Stocking Creek Open Market proposal being revamped

A Saltair landowner is hoping to submit an application this month for a pedestrian-friendly market with a variety of retailers.

  • Oct. 20, 2014 5:00 p.m.

A Saltair landowner is hoping to submit an application this month to transform a vacant lot on Chemainus Road into a pedestrian-friendly market with a variety of retailers.

Morris, owner of Saltair Self-Storage, the Saltair Mobile Home Park and HomeFront Modulars, a Cowichan Valley modular home dealership, has an idea that he feels would bring people to Saltair while also giving people a chance to own commercial space and build equity.

Originally, Morris’ plan for Stocking Creek Market, revealed in June 2013, was to develop the vacant lot south of the mobile home park on Chemainus Road into an open-air market where shops and restaurants would be housed in converted shipping containers.

But now that plan’s been revamped, and the shipping containers are no longer part of the concept.

Instead, says Morris, there will be site-built West Coast-style commercial buildings that feature lots of cedar, stone and steel.

“It will be very modern but very West Coast looking,” he said.

Morris has also changed the size and number of buildings to reflect what he’s heard from potential retailers.

“The buildings were initially very small, but we talked to several retailers, and they wanted 1,200- to 1,500-square-foot buildings, so what we’ve done is we’ve reduced the number of lots from 20 to 14 but increased the size that the buildings can get,” he said. “We’ll be able to accommodate on most lots 1,200- to 1,500-square-foot buildings and on some, as big as 2,000 square feet.”

Morris says their main focus is to bring retailers in at a “very affordable” rate.

“This has to be really attractive so that people can get the benefit of owning the lot and the building and getting the affordability,” he said. “This will give people the security of knowing they’re here to stay; ownership is a security.”

And a desire to give people that security is a big reason why Morris wants to do this.

“I know there are people who are struggling sometimes in retail operations just to make their rent, and once their business has been there for years, they have nothing to show for it, really they don’t,” he said. “By moving into this subdivision, hopefully their cost will be less, but even more so than that, every month, they’re building equity in themselves.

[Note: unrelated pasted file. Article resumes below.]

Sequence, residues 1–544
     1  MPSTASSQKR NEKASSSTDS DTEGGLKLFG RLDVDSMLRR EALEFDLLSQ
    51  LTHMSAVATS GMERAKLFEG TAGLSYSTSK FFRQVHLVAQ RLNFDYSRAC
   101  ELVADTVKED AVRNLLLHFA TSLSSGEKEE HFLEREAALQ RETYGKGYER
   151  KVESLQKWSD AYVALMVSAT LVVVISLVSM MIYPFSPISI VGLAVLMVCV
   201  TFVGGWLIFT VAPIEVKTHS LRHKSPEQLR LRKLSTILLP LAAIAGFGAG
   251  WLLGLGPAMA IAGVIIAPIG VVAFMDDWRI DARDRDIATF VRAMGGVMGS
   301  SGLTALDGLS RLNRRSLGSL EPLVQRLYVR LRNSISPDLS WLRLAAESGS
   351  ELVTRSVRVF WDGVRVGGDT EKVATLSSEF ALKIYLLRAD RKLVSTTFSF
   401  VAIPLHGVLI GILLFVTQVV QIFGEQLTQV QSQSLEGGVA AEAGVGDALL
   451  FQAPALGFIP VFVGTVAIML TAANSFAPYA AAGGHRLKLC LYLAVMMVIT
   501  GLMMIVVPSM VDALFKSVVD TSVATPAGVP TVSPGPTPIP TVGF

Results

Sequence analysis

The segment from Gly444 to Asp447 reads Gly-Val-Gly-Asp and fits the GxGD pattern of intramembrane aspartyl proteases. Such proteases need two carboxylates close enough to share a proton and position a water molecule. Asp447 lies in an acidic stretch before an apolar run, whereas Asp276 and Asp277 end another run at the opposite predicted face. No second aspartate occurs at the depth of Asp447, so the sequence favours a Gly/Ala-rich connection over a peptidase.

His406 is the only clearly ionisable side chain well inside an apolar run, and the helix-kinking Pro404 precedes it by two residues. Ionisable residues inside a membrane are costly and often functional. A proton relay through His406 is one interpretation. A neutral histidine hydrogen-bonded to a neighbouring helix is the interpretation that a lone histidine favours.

“I do a lot of affordable housing; that’s my main focus; I’ve been working in mobile home developments in providing affordable housing, but it’s not enough. People need affordable business opportunities.”

Morris says he’s had a broad mix of people ask about the project who’ve been interested in opening a floral shop, liquor store and various retail operations.

“We have had good interest,” he said. “It’s going to have great services, and it will have a great ability to draw people in.”

Morris hopes to have his application into the Cowichan Valley Regional District this week. If it is approved, he hopes to start servicing Stocking Creek Open Market in early spring 2015.

Morris has been working with McElhanney Associates Land Surveying Ltd. to come up with the concept.

“The best thing I ever did with this is I hired Reg Harding from McElhanney,” he said. “If I would say anything about what they’ve done is they’ve taken my idea and made it better, significantly. The landscaping, the pedestrian access and the whole flow of the place is much better.”

If anyone has any comments or concerns, Morris encourages them to call him at 250-710-0765.